Now, the first few things I tried my hand at were terrible, I mean really awful looking. But you gotta learn somehow. Hand dyed onesies with wool felt appliques and flower hair clips. I have kept them, in the deepest, darkest corner of my sewing room, so I can see just how far I have come.
We'd get new inventory in and I'd snap photos with my phone and show them to my mom- can we figure this out? Lets make this! And that! And every time, she would help me pick fabrics and come up with ideas about how things were made. And never once did she say, "I told you so!" (and she totally could have, BTW.)
She constantly encouraged me to try new things, supported me when I felt like a failure, showed me what to do when I did something wrong, and praised me when I finally got them right.
I quit my job, because it made me unhappy. I started to sew full time, really developing my skills and honing my talents.
My mom knew- way, way before I ever did that I could be the person I am today. Today I have my own internet business, selling my handmade things. I have had a booth at an event, and have invitations for more. People actually want to buy the things I make! Granted, I don't make any money- I just make enough to keep going. And I could care less- happiness is payment enough!
I have finally arrived at a point in my life where I am so insanely happy doing what I do, that I almost can't believe it. And I have my mom to thank...
We are such a great team, having different strengths and different styles. We can finish each others sentences. You should see us in a fabric store- One of us will pick something up and say "Don't you think this is perfect for the..." and the other know exactly what project we have in mind. And then proceed to pick out the rest of the fabric and the excitement is incredible! We get big ideas and loads of inspiration, the perfect fuel for conquering the task of learning a new pattern, technique, or project.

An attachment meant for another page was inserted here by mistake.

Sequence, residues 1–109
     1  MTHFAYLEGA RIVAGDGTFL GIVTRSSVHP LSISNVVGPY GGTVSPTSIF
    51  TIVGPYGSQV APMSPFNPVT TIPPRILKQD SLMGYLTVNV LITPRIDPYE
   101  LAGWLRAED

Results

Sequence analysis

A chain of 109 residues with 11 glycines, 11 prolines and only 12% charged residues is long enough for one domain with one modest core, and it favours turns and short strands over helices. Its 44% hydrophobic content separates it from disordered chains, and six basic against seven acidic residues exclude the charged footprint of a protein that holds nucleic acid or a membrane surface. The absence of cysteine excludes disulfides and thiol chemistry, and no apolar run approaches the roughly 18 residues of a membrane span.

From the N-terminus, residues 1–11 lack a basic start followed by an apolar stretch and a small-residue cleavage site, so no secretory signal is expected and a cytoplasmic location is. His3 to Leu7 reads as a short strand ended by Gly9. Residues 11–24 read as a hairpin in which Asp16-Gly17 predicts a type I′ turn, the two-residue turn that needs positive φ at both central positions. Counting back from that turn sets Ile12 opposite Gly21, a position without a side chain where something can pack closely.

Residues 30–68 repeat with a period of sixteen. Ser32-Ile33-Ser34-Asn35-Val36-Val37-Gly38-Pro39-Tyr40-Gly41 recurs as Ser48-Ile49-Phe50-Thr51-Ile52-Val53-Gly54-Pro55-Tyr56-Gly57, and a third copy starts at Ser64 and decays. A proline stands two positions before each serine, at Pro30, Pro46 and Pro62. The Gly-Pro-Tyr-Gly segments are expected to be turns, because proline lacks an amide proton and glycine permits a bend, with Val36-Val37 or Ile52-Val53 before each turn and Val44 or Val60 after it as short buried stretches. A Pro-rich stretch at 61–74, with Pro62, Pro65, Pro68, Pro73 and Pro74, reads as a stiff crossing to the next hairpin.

We love going on day trips to far away* places like Ogden, or Springville, to find fabric and delicious places to eat, as well as antique shops to forage for treasures.
When my mom would call me and say "Wanna go to the fabric store?" it was like Christmas. I miss that so much.
I don't go to fabric stores here. One- because I already have an insane amount of fabric stashed away, and two- I don't have extra money to buy more fabric. And the fact of the matter is, that going to the fabric store by myself is not any fun, and I can't pick good stuff without my mom. Period. Like I said, we are a great team.
Can you even imagine the damage we could do here in San Francisco?!?
(squirmy Nick, my mom, and me.)
Mom, I love you.
I have so much to thank you for. You built me up, so much- that now I am able to live my dream. Remember when I used to sit in the basement making clothes or furniture for my troll house? Or when I would sit on the floor of my room making beads and sculptures out of clay? I wanted to keep creating forever. It gave me such comfort and peace. I never thought it would be possible to continue doing it as an adult- but here I am. You made me, mom. And I will owe you for the rest of my life.
*ok, those places aren't that far away- just enough that we like to make a day out of it.